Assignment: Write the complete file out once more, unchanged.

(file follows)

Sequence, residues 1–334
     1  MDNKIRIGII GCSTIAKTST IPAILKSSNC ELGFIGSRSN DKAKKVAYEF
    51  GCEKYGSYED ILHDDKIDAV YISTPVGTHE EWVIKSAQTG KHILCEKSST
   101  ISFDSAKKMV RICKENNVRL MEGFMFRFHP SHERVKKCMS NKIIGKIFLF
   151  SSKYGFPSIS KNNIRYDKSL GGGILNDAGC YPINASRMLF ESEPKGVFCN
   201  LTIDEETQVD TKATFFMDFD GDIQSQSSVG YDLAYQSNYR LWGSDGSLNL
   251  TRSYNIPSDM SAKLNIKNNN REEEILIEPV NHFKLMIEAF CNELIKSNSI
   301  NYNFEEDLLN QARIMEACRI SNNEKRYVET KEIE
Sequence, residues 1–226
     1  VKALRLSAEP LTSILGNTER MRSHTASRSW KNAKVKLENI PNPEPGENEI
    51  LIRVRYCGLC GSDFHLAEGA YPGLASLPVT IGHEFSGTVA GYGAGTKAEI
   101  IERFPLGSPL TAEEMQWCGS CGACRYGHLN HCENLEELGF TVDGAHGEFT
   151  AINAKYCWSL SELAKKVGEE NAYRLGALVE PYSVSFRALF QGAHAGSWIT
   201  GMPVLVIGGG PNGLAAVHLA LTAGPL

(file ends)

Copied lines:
Sequence, residues 1–334
     1  MDNKIRIGII GCSTIAKTST IPAILKSSNC ELGFIGSRSN DKAKKVAYEF
    51  GCEKYGSYED ILHDDKIDAV YISTPVGTHE EWVIKSAQTG KHILCEKSST
   101  ISFDSAKKMV RICKENNVRL MEGFMFRFHP SHERVKKCMS NKIIGKIFLF
   151  SSKYGFPSIS KNNIRYDKSL GGGILNDAGC YPINASRMLF ESEPKGVFCN
   201  LTIDEETQVD TKATFFMDFD GDIQSQSSVG YDLAYQSNYR LWGSDGSLNL
   251  TRSYNIPSDM SAKLNIKNNN REEEILIEPV NHFKLMIEAF CNELIKSNSI
   301  NYNFEEDLLN QARIMEACRI SNNEKRYVET KEIE
Sequence, residues 1–226
     1  VKALRLSAEP LTSILGNTER MRSHTASRSW KNAKVKLENI PNPEPGENEI
    51  LIRVRYCGLC GSDFHLAEGA YPGLASLPVT IGHEFSGTVA GYGAGTKAEI
   101  IERFPLGSPL TAEEMQWCGS CGACRYGHLN HCENLEELGF TVDGAHGEFT
   151  AINAKYCWSL SELAKKVGEE NAYRLGALVE PYSVSFRALF QGAHAGSWIT
   201  GMPVLVIGGG PNGLAAVHLA LTAGPL